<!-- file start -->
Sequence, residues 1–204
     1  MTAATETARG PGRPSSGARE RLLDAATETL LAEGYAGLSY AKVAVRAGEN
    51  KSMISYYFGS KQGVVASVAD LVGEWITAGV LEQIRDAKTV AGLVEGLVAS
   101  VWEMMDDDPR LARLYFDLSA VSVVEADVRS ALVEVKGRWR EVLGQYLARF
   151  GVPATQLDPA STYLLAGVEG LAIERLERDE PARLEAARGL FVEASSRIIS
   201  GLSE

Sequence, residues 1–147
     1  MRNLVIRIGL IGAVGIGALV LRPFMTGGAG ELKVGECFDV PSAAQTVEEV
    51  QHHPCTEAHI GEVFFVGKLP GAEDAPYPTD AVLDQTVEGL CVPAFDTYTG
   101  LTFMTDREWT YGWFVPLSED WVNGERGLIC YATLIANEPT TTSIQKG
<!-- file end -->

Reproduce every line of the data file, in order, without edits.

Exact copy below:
Sequence, residues 1–204
     1  MTAATETARG PGRPSSGARE RLLDAATETL LAEGYAGLSY AKVAVRAGEN
    51  KSMISYYFGS KQGVVASVAD LVGEWITAGV LEQIRDAKTV AGLVEGLVAS
   101  VWEMMDDDPR LARLYFDLSA VSVVEADVRS ALVEVKGRWR EVLGQYLARF
   151  GVPATQLDPA STYLLAGVEG LAIERLERDE PARLEAARGL FVEASSRIIS
   201  GLSE

Sequence, residues 1–147
     1  MRNLVIRIGL IGAVGIGALV LRPFMTGGAG ELKVGECFDV PSAAQTVEEV
    51  QHHPCTEAHI GEVFFVGKLP GAEDAPYPTD AVLDQTVEGL CVPAFDTYTG
   101  LTFMTDREWT YGWFVPLSED WVNGERGLIC YATLIANEPT TTSIQKG